Unused emergency supplies await pickup as a shelter is transitioned back to a school

Unused emergency supplies await pickup as a shelter is transitioned back to a school

Amidst the chaos post-disaster, children need the routine that is imposed by school timetables. And having kids under the care of teachers frees time for weary parents to focus on disaster recovery.

But the challenge is far more complicated than inspecting and cleaning classrooms.

On October 28, more than one day before Sandy arrived in New York, the city mobilized 76 shelters, mostly in public schools. A few days after the storm passed, city leaders decided to consolidate the network into 15 core shelters, including four special “warming centers” where citizens could manage the dropping temperatures. The goal was set to transform most shelters back to their primary role as schools by Monday morning, November 5.

This transition required a huge logistics operation, one of many managed by the New York City Office of Emergency Management (NYC OEM). Ample supplies of critical items such as blankets, cots, food, hygiene products, and water – which had been successfully deployed prior to the storm – had to be shipped from 61 locations scattered across the city back to a warehouse for redeployment as speedily as possible.

NYC OEM workers repalletize water

Workers repalletize water

The age of some of the buildings posed a number of unique logistics problems. For example, many old-style school doors have steel posts positioned narrow enough to make it impossible for pallets to pass. Full pallets of supplies such as water had to be manually disassembled so the items could be carried out of the building. Once outside, they had to be repalletized before being loaded on the trucks.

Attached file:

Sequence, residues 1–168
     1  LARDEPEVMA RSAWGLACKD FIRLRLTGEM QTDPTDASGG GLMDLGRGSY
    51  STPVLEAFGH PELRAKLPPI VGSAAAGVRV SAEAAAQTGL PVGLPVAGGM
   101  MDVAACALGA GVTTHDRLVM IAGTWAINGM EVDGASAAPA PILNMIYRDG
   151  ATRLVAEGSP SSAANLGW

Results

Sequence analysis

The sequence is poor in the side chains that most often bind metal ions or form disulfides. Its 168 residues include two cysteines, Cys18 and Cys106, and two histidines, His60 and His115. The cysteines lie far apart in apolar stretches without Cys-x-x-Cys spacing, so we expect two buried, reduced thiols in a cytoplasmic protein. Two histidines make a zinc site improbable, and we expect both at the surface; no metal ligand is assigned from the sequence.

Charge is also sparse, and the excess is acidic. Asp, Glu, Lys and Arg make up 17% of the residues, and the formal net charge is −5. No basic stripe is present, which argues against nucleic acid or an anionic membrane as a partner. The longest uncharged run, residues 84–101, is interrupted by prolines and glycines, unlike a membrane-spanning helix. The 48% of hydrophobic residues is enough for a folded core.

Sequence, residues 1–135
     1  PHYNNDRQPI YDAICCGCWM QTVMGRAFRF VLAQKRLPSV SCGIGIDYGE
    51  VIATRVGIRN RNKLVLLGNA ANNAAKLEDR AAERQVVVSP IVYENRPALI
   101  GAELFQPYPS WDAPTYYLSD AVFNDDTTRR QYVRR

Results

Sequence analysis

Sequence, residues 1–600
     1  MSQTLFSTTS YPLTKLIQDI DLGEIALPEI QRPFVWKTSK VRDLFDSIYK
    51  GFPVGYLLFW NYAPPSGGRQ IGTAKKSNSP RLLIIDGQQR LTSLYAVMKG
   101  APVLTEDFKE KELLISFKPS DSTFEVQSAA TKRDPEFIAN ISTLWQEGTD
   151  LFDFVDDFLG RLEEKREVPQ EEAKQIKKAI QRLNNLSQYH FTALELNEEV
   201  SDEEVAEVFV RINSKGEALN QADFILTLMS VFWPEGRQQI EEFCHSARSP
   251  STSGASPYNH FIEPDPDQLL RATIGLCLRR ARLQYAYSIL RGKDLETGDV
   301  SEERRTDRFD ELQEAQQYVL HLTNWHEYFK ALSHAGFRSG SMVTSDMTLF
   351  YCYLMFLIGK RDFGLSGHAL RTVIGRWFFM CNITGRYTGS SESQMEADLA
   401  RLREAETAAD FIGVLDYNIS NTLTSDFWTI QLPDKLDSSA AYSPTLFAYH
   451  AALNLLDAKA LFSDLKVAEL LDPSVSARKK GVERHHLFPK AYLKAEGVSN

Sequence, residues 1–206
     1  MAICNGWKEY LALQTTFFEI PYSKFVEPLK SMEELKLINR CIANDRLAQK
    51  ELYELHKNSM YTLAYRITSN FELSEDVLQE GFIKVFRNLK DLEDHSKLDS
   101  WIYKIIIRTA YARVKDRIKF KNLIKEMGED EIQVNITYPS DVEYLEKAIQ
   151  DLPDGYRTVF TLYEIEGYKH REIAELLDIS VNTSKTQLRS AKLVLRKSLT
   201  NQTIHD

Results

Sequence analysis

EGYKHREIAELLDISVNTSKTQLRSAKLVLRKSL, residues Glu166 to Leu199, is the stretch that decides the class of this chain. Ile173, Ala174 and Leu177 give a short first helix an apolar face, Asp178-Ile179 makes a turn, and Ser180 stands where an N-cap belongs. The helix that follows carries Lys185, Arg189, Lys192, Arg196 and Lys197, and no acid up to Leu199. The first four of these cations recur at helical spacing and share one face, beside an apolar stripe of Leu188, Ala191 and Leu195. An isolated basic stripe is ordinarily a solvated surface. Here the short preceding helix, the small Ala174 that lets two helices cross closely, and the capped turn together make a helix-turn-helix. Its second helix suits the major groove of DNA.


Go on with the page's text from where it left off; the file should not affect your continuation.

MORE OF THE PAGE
This work required many hands, so logistics personnel drove to the schools to do the heavy lifting. That required them to burn gasoline – a scarce commodity in the storm-torn city. As a result, an additional logistics challenge was organizing this operation while keeping fuel consumption to a minimum.

Planning required coordination with staff at the schools, to estimate the quantity of supplies remaining in each building for labor and truck assignments and to ensure access for the around-the-clock operation. Further complicating plans, efforts were made to redeploy supplies directly to the remaining shelters, using impromptu “crossdocks” to avoid unnecessary trips to the warehouse.

Despite the scale of operations required over the weekend, the logistics operation was a success. All shelter supplies were removed by Sunday night, some 12 hours ahead of schedule. Dozens of former shelters were able to open their doors for school children on Monday morning.

Arriving within days of the disaster to assist the NYC OEM logistics team where needed, I was surprised that my first role focused on reverse logistics. I was tasked with “demobilizing” at a time when many people were still in need. But I quickly learned that sometimes the mantra of logistics professionals – having the right goods at the right place at the right time – means getting supplies out of the way…so the kids can come back to school.